Amid a pandemic that has claimed the lives of over 200,000 Americans, a weakened economy that has left many unemployed, and deepened tensions around race relations following several police-involved shootings, presidential candidates Donald Trump and Joe Biden will debate for the first time on September 29 in Cleveland. But given the sharp divisions among Americans regarding the state of the country, are the candidates likely to persuade anyone in their favor? Does the debate really matter to the outcome of the election?
On September 28, Brookings hosted a webinar with a media expert and experts who have helped advise past presidential candidates to explore the role of debates in previous elections – including by highlighting some of the most famous moments from previous presidential match-ups. They discussed how Trump and Biden are likely to appeal to voters when they meet up in Cleveland and shared what they believe voters should hope to hear from the candidates on Tuesday night.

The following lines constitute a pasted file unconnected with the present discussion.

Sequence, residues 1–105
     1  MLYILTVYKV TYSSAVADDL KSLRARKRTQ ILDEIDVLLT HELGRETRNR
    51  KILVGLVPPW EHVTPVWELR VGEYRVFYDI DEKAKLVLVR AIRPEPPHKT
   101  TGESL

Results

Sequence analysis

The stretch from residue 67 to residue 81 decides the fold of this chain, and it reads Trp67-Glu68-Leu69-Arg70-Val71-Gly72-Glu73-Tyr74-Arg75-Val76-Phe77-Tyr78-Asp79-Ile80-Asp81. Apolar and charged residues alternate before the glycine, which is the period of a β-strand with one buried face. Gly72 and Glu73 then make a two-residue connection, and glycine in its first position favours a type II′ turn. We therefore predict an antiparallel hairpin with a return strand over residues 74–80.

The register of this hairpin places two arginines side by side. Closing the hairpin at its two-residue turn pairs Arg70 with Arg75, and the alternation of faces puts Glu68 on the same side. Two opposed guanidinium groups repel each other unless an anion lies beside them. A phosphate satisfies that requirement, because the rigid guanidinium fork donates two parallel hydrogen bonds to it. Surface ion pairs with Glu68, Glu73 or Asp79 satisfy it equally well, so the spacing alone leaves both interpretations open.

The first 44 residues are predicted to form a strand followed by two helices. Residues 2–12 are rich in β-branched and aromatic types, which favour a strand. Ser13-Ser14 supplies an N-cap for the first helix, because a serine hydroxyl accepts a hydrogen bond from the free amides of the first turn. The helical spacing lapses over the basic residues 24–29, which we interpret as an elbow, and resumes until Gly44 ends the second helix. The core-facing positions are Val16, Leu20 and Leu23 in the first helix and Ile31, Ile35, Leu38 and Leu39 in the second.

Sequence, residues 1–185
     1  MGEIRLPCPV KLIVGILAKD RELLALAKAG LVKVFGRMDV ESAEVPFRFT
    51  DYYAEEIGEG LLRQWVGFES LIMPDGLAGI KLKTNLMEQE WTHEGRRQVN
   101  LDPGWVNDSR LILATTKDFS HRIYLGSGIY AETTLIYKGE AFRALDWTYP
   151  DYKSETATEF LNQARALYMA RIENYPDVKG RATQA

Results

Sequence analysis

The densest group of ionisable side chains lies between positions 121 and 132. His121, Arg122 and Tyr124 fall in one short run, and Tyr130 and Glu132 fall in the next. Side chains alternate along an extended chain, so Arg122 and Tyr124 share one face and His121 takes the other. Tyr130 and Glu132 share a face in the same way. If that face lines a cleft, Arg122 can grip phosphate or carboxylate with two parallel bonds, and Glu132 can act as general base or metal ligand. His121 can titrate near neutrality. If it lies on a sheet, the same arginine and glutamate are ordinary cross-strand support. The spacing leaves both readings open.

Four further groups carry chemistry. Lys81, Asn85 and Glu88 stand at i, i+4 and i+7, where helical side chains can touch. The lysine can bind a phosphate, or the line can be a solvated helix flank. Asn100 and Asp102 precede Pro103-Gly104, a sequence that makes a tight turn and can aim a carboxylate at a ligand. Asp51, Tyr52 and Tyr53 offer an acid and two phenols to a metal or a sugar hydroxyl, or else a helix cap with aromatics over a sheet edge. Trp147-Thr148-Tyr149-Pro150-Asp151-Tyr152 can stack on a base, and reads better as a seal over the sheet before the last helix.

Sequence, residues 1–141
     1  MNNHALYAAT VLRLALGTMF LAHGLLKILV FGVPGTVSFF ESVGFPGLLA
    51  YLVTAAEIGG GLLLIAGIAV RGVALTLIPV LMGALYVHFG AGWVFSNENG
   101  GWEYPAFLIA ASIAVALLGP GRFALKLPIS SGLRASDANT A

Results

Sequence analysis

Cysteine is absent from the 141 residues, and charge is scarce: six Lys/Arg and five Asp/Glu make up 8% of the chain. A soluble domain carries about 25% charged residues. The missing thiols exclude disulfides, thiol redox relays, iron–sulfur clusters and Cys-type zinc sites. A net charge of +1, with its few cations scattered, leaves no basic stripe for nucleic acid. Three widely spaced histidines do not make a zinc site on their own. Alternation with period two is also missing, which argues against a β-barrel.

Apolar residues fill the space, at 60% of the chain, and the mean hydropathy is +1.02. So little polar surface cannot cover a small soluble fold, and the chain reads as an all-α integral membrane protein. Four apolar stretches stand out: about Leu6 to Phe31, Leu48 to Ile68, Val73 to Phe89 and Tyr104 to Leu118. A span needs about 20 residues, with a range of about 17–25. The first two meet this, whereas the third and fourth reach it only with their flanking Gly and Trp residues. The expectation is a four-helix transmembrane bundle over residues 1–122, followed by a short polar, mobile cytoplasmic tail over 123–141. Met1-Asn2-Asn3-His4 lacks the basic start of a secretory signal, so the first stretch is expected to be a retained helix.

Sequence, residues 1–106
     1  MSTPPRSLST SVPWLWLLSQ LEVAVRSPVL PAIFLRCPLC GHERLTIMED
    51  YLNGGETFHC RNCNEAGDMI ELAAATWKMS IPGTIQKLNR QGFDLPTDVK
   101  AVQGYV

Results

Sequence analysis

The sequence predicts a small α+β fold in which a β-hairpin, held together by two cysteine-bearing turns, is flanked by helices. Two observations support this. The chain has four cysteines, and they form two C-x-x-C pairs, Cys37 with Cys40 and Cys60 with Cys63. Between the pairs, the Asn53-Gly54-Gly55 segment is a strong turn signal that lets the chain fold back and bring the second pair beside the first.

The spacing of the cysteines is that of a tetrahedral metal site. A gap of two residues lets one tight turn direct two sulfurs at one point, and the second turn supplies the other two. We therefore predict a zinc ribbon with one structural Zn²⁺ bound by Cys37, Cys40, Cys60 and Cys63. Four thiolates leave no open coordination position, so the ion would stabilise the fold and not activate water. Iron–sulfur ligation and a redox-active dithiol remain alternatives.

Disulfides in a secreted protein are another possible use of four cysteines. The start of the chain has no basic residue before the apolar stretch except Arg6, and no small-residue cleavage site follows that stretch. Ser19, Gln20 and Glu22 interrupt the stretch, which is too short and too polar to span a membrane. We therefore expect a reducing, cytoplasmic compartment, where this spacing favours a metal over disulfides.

This event was part of Brookings’s Policy 2020 initiative, which aims to unpack the issues shaping the 2020 election through fact-based analysis.
Viewers submitted questions by emailing firstname.lastname@example.org or on Twitter using #Policy2020.
Elizabeth Ware Packard Professor of Communication - Annenberg School for Communication, University of Pennsylvania
Co-Founder - FactCheck.org
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